Demolition

On July 30th, 2008, we demolished the 92-year-old house at 9805- 84th Avenue.

The awesome power of the trackhoe was immediately apparent, as it effortlessly tore through the front wall of the house. Given that we can dispose of such a huge (historically speaking) building in such a short time, it's going to be a while before it becomes worth it properly recycling these buildings. Hmmm, should we spend 300 person hours and very little fuel taking this house apart, or should we spend 15 person hours and burn off 300 litres of diesel? It's a no-brainer, really. 

Not to get all political on you are anything, but that's why a carbon tax like the one proposed by Stephane Dion is such a great thing. It would make the human labour in the above question cheaper, and the diesel fuel more expensive (okay, not in Dion's version, but a true carbon tax would affect diesel and gas). Then, the weeks of effort that I put into saving the materials in the house would make more economic sense.

Here are some more pictures of the trackhoe doing in two hours what I couldn't do in two months:

Sad to see the old girl go, really. A lot of memories were made there. We just don't have the luxury of keeping her going though. Not anymore.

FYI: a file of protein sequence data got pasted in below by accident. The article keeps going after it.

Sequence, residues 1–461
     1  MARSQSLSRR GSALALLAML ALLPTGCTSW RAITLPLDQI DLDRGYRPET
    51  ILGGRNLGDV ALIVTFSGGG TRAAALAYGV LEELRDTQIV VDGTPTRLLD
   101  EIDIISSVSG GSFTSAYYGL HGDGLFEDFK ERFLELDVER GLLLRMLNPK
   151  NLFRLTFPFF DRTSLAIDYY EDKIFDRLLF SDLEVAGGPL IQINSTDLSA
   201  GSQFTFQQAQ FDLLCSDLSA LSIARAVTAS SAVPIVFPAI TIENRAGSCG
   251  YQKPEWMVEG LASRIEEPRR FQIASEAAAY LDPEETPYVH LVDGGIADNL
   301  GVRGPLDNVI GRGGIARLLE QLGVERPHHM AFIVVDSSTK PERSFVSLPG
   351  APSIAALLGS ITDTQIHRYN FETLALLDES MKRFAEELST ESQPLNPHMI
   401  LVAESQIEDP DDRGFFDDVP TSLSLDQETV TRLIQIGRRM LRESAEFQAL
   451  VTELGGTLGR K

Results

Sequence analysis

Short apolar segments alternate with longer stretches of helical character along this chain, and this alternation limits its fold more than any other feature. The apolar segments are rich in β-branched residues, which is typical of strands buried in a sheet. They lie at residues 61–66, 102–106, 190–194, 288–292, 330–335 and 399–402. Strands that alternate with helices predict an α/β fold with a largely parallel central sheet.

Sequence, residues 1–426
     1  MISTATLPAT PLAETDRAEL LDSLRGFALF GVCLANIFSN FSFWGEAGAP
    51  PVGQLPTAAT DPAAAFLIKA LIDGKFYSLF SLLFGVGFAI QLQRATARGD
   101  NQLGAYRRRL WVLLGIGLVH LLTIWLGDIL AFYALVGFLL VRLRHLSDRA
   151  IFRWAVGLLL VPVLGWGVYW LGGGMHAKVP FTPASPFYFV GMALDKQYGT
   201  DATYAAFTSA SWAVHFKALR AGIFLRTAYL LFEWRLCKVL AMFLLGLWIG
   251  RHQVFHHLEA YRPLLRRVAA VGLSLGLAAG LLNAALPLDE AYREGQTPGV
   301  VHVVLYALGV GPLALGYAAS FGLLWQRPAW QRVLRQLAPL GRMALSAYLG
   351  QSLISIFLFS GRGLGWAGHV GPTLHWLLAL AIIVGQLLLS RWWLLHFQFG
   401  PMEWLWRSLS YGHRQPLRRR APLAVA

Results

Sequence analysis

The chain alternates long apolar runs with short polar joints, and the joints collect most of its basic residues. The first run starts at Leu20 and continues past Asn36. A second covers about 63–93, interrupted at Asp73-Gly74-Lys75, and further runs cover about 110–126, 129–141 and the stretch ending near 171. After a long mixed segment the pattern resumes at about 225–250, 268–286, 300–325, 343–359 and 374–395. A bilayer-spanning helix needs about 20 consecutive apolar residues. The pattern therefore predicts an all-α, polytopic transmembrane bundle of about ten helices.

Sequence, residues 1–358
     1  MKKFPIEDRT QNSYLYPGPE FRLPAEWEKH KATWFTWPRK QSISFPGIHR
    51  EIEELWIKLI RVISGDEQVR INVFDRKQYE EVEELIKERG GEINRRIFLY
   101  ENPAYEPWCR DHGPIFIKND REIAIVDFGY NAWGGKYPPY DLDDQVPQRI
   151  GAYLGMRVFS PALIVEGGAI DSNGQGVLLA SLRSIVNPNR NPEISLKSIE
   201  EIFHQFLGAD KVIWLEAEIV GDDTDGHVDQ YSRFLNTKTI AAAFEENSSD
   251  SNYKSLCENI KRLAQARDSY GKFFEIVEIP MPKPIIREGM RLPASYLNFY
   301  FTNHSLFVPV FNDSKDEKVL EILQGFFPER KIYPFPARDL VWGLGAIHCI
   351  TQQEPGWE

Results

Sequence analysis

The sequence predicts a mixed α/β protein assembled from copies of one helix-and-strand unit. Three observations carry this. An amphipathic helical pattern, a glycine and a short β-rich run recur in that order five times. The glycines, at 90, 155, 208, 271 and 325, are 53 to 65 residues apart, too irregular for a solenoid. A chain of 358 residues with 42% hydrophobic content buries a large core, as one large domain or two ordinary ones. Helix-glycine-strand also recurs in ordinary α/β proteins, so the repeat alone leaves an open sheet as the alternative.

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I was wondering how much it cost you to demo the house. We might be looking at doing the same to our old house (sniff, sniff)

Hi there Conrad, I am in the early stages of my Environmental Design (architecture, interior environments, landscape architecture, city planning) degree and I happen to be writing a paper on your project for an ecology class...so I have been reading all about it and I am quite inspired! So much so that just emailed a green design/builder to ask about summer employment :)

I have some questions about demolition. (I have no idea about this stuff yet, but it is the sort of thing I plan to do in practice eventually.) I know you salvaged a lot of stuff from the old house, and I see that it took you a huge amount of time, but I am wondering if more was possible? Not as a criticism, but as a query about just how much potential there is in demolition projects.

In an ideal situation where time/labour/cost were not issues, could this entire house have been salvaged with close to zero waste? Is there reuse/recycle potential in insulation, drywall or plaster, linoleum, nails, siding, window frames,shingles, fascia, soffits, etc.? And I'm even talking stuff that's not necessarily in a condition to just shine up and reuse/reinstall. I'm talking about stuff that may be damaged or completely outdated...is there any productive way at all to prevent these from going to the landfill?

Hi Jolene,

I answered your question right here.

Thanks for asking!

Conrad

I too am interested in the cost associated with the tear down?. Looking to do the same

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